5) Another area quite convenient for tourists is La Barceloneta (its name means"little Barcelona"). This is the old fishermen's neighborhood, just next to Port Vell (Old Port). Lots of restaurants to have seafood/paella, trendy new bars and old-fashion bars to have a "vermut" on Sunday morning.
Some nice areas not "that central" but very well connected to the city centre by public transport (or even walking):
6) Gracia: a bit more out of the way, but very interesting and lively neighborhood. Located in top of Passeig de Gracia, after crossing the Av. Diagonal. In fact, Passeig de Gracia was once the road from Barcelona (limited at that time to what's now Ciutat Vella) to the formerly independent town of Gracia, hence its name. Lovely small squares, great shopping and dining places. A favourite area for expats to live and for locals to hang out. Park Güell is located on the hilly edge of Gracia.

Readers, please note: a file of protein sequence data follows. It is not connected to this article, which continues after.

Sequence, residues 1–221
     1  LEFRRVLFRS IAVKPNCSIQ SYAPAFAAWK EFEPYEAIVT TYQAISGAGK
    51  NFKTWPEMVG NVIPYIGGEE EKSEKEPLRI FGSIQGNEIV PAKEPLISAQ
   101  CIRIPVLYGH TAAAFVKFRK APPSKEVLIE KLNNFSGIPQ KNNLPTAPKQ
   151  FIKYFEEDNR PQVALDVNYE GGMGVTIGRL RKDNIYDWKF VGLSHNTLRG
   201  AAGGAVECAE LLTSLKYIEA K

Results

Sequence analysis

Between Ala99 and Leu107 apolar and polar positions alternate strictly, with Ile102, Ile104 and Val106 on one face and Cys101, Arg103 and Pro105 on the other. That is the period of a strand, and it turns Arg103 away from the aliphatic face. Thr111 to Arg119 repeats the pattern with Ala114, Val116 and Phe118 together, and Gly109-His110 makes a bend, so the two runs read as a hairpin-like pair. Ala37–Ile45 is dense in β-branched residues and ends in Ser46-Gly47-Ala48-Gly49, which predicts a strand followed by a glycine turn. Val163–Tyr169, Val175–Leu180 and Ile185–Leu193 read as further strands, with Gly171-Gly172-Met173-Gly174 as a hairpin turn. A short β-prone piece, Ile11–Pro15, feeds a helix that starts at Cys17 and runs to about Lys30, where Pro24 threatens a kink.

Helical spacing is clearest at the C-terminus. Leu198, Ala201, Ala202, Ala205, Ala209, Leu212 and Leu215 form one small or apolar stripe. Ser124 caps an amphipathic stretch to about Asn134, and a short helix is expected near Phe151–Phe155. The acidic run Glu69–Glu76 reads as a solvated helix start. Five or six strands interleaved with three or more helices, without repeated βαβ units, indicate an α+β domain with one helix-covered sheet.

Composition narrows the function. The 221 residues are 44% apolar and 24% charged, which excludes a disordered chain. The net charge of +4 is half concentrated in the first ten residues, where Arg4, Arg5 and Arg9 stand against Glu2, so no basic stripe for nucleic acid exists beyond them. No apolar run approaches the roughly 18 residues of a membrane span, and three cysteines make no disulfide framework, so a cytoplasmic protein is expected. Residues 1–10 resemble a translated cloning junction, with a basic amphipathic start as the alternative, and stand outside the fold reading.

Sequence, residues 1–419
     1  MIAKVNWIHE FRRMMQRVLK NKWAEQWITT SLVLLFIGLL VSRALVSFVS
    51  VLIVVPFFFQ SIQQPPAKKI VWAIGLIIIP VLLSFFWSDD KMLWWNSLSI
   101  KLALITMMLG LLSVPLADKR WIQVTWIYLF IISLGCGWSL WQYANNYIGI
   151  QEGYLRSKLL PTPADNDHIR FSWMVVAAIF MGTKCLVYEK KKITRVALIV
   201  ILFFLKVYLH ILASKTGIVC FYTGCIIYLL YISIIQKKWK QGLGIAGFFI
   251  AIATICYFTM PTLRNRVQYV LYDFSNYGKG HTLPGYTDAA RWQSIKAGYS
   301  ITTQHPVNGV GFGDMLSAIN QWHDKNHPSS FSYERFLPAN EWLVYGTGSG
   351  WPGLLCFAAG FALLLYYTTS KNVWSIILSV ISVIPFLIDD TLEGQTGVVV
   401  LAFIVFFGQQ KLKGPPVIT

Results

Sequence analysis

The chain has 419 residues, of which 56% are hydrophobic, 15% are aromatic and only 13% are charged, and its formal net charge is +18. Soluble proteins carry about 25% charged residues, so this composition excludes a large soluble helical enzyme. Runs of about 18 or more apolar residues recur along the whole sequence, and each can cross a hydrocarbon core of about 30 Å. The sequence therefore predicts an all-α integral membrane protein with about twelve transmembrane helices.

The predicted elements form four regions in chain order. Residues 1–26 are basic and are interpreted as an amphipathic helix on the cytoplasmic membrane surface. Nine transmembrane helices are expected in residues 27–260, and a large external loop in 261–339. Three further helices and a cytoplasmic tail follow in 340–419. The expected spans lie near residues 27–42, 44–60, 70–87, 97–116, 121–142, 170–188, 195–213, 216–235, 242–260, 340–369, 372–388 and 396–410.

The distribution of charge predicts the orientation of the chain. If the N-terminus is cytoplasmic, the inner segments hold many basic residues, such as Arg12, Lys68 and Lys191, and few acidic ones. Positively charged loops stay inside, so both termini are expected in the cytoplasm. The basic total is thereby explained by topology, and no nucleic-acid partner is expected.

7) Poble Nou: a former industrial district, now in converted to a technological/business area. Like Gràcia and other areas of Barcelona, it was once an independent town, "poble nou" actually means "new town" and it was where the workers of the many factories built around a small lake used to live. You can now see some of these old factories reconverted to museums (Can Framis), University facilities (Ca L'Aranyó) or other uses. But the best part of this are is its Rambla: there, you can enjoy a true Catalan rambla, were locals walk, shop, eat, people-watch... Just 10-15 minutes from the city centre by metro and walking distance to the beach.